Check for the presence of tartar, which is the gateway for dental disease. “While a little tartar or staining on teeth is common, there should not be large, rock-like, grayish or greenish accumulations of tartar,” Creevy says.

 

You’ll also want to look for missing or broken teeth, according to Jeffrey.  “And look for changes in chewing behavior, like chewing on one side of the mouth or not wanting to eat dry food, as well as for blood and growths on the gums, tongue or cheeks.”

 

Ng suggests performing the dental exam at the same time you brush your dog’s teeth, and adds, “healthy gums should be pink and moist, which indicates good circulation and hydration. If a sick pet has pale or dry gums, the pet should be brought to a veterinarian.”

 

Monitor Body Weight

 

Checking your dog’s body weight can alert you to potential problems, especially if there is a significant change, says Ng. Significant weight loss could be a sign of a serious health issue, like diabetes, poor nutrition, organ failure, cancer, or infection. Significant weight gain may indicate hypothyroidism, intestinal parasites, overfeeding, or heart failure.

 

If you have a smaller dog and a home scale, Ng says you can weigh yourself first, then hop back on the scale holding your dog. The difference in numbers will be the dog’s weight. “Alternatively, most veterinary clinics will welcome you to use their scales at any time.”

 

To estimate your dog’s fat level, feel your dog’s ribs, says Jeffrey. “There should only be a small amount of tissue between your fingers and the bones of the ribs. If there's too much "squish," then the dog is overweight. Most dogs should also have an hourglass shape when viewed from above.”

 

Conversely, “If the ribs become prominent, especially if there has not been a deliberate attempt to get the dog to lose weight, that suggests infectious disease, organ system disease, or some type of cancer. This is certainly a cause for a visit to your veterinarian,” says Creevy.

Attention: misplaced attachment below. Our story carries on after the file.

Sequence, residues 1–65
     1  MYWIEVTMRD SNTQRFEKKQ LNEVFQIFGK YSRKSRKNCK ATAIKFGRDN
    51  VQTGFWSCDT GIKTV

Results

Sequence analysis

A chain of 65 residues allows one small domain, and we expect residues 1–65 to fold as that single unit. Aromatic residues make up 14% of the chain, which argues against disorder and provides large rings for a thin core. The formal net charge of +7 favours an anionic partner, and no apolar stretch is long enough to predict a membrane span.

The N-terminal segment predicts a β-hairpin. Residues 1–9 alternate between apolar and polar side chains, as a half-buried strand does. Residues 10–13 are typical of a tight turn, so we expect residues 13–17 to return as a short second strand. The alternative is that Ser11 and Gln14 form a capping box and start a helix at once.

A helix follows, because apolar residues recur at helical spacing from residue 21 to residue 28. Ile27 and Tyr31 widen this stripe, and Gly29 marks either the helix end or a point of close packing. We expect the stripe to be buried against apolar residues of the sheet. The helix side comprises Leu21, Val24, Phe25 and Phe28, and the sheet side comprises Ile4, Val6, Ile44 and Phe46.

Take Vital Signs

 

If you suspect your dog is ill, having vital signs handy—heart and respiratory rates, and temperature—can expedite communication with the vet or technician, says Ng. “Vital signs are very helpful to provide to whomever you are speaking with, to judge the urgency of the concern.”

 

To get a respiratory rate, he says you should look at the number of breaths your dog takes in a minute. “You can count the number of breaths in 15 seconds and multiply by four to get the number of breaths per minute.”

 

For heart rate, use the above formula, except count the number of heartbeats instead of breaths. “You can place your hand right between the elbow and chest to feel for each heartbeat.”

 

If you’re your dog will allow it, take his temperature using a thermometer designed specifically for dogs, says Jeffrey. A normal temperature, she says, is generally between 100.0 and 102.5 Fahrenheit.

 

Don’t Substitute At Home Exams for Vet Visits

 

You don’t need to be a vet to give your dog an at-home exam. Honing your observation skills and knowing what to look for and what is normal for your dog can better prepare you to identify problems and communicate more effectively with the vet.

 

There is no substitute, of course, for expert care, but supplementing trips to the vet with at-home exams can help you become an even better caregiver to your dog.

 

There are definitely times when you should NEVER wait to call your vet. Here are 9 pet conditions that cannot wait for medical treatment.